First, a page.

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Discussion Starter · #1 ·
So I'm reading Making Peace With Autism, and she talks time to time about crisis storybooks as a way to help your ASD child cope with upcoming events like vacations, big family get togethers, doctor's visits, and the like. I think they're called "social stories" by some folks.

Anyway, I'm going to attempt to make one for our upcoming beach trip (5 weeks and counting), hoping that it will help ds with sleeping and eating and fewer meltdowns, etc..

Have any of y'all ever done this? If so, did it help?

BTW, I am loving Susan Senator, she is wonderful and honest. Link to her blog, if anyone is interested:

http://susansenator.com/artautism.html
 

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Man I wish I would have seen this a few weeks ago... We are in the middle of a lot of changes and Ryan is not hadling them so well but I think this may have helped him...
We are moving in with my parents while my husband is away on training with the military and he is not liking all the changes... I think I might try tonight to sit down and make a book about daddy being gone... I need to get a copy of this book...
 

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That sounds like a great idea for kids who don't cope with transition well..any kid, yk? Eli seems to cope OK with transition for an asd kid, so far. But we are coming up on a possible move, and my mother is dying (we have very little relationship so Eli doesn't even know her0 and we'll have to visit her shortly..I may try this, as well. Thanks!
 

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Hey Finch

I thought about doing something like this. My son is really into Clifford- I thought about making a book that shows Clifford going to school--I anticipate that will be an extremely stressful situation- as it is daycare drop off is a nightmare- I practically have to peel him off the sidewalk. My thought was to take some digital pictures of his new school (starts 9/8!) and put them in this book with Clifford narrating--very similar to what Senator describes as a crisis story. I've had this idea for a little while, but wasn't quite sure how/where to start- the link you gave is perfect- I think I'll try it and let you all know how it goes!

K
 

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Quote:

Originally Posted by eandasmom
Hey Finch

I thought about doing something like this. My son is really into Clifford- I thought about making a book that shows Clifford going to school--I anticipate that will be an extremely stressful situation- as it is daycare drop off is a nightmare- I practically have to peel him off the sidewalk. My thought was to take some digital pictures of his new school (starts 9/8!) and put them in this book with Clifford narrating--very similar to what Senator describes as a crisis story. I've had this idea for a little while, but wasn't quite sure how/where to start- the link you gave is perfect- I think I'll try it and let you all know how it goes!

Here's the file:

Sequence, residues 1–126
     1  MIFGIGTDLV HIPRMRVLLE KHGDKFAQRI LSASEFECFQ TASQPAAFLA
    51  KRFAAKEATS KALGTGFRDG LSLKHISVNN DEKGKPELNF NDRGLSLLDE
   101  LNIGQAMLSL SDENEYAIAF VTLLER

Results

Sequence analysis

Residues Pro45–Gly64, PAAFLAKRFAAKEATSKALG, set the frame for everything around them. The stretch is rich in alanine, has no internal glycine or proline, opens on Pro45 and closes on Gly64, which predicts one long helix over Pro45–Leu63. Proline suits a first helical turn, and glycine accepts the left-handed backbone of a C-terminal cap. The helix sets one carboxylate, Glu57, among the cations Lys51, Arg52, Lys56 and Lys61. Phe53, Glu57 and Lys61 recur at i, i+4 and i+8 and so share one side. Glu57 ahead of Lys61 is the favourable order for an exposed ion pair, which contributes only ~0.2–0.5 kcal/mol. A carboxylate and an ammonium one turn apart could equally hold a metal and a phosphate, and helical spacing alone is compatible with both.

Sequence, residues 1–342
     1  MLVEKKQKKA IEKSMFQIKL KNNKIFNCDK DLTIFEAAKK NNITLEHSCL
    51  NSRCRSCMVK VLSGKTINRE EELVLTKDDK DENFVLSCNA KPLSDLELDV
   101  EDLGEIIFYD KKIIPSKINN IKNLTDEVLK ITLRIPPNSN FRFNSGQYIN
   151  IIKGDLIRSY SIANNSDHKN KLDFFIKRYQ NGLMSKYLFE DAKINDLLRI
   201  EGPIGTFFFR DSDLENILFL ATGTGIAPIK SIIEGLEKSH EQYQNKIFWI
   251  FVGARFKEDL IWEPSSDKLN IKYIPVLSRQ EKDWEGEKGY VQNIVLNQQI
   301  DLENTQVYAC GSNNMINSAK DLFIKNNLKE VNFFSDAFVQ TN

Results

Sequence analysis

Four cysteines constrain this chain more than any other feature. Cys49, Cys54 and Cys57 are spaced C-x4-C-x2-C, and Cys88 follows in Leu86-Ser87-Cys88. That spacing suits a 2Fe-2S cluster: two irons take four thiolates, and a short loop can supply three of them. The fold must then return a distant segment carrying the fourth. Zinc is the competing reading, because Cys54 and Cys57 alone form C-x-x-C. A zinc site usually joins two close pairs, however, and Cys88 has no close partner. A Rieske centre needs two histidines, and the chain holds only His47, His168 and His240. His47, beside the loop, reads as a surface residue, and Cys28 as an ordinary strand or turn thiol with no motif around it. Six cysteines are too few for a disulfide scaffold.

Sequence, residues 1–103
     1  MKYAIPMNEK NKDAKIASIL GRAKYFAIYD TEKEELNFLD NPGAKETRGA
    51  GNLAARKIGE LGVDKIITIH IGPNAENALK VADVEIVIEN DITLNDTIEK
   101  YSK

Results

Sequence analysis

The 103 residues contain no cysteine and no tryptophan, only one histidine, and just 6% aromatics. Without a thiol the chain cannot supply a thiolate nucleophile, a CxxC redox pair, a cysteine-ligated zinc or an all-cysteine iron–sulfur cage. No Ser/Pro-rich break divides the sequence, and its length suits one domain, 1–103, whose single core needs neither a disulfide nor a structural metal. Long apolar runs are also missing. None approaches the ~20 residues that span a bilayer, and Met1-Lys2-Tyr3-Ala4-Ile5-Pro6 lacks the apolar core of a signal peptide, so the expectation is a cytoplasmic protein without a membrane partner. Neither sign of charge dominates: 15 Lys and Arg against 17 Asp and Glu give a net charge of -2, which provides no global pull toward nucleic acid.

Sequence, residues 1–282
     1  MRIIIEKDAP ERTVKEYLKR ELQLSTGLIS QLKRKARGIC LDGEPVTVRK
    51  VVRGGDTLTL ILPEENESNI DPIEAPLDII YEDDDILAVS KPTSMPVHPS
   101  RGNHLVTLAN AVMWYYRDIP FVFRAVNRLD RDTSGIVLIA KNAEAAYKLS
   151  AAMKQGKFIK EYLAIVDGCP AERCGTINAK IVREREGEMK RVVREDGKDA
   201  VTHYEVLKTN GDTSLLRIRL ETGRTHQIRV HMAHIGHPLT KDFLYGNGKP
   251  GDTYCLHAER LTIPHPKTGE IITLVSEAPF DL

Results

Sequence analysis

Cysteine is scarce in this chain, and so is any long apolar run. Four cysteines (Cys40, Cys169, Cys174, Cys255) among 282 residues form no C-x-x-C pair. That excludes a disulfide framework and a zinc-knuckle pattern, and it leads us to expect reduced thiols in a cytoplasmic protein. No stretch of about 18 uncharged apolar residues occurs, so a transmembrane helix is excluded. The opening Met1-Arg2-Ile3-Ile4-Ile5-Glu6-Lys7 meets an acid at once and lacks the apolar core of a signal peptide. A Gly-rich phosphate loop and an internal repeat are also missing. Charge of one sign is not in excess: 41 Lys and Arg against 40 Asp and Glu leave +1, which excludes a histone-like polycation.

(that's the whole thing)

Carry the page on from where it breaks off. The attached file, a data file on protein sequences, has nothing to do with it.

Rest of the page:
K
Good idea as long as you have a kid who can look at clifford and then relate all that info. to themselves -- that wouldn't have been my kid when she was younger and not always now either.

The best social stories need real pictures of real people and places. I cannot begin to tell you the amount of social stories dd has from over the years.

You take several pictures of dc and then you either find some actual photographs online of beaches and such or if they have a website you get them from there. You cut your kid out and laminate it and velcro or glue him in the pictures. It is ideal for you to take pictures of where he'll sleep and where he'll eat, etc. , but if it's far away you'll have to do the best you can. The important part is to get them into the pictures and yourself and other family members too. Take a picture of your car with your dc in it and have that be the start of the story---stuff like that. Make it simple in the way that there are not way too many pages, but at the same time detailed to where they can be reassured about you all being together and where you will sleep, eat, etc. Also, show the car coming home too.

Just my 2 cents.
 

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Oh, I forgot--- DD also has a social story book (but the pages can also come out and be put on the fridge for a reminder) about emotions and it shows dd making a sad face (she liked acting things out for the pics) then it shows her doing something she can do when she's mad, etc. You can also just make this out of regular faces from clip art if your kid isn't able to act it out for you to take pictures.
 

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Discussion Starter · #7 ·
Quote:

Originally Posted by judejude
The best social stories need real pictures of real people and places....... but at the same time detailed to where they can be reassured about you all being together and where you will sleep, eat, etc. Also, show the car coming home too.

Just my 2 cents.
This is what I was planning to do. I think the point of the crisis storybook is for the child to actually see themselves and the people and places where they will be going. I plan on using pictures of all the relatives who will be at the beach, and actual pictures of the beach house and inside the beach house as well. I also plan on taking pictures of the bed where he will be sleeping (aerobed twin size on the floor) and stuff like that. Good idea about the car coming home, hadn't thought of that.